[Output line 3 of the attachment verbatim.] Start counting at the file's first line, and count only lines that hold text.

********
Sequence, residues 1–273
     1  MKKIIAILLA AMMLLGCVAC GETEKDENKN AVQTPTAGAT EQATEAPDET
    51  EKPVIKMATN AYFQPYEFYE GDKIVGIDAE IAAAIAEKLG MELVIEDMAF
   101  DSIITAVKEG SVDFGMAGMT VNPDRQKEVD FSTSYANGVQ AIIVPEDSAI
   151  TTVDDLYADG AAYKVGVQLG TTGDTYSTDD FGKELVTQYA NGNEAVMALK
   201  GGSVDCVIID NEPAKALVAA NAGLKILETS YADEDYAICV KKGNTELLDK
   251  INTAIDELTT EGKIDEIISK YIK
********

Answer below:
    51  EKPVIKMATN AYFQPYEFYE GDKIVGIDAE IAAAIAEKLG MELVIEDMAF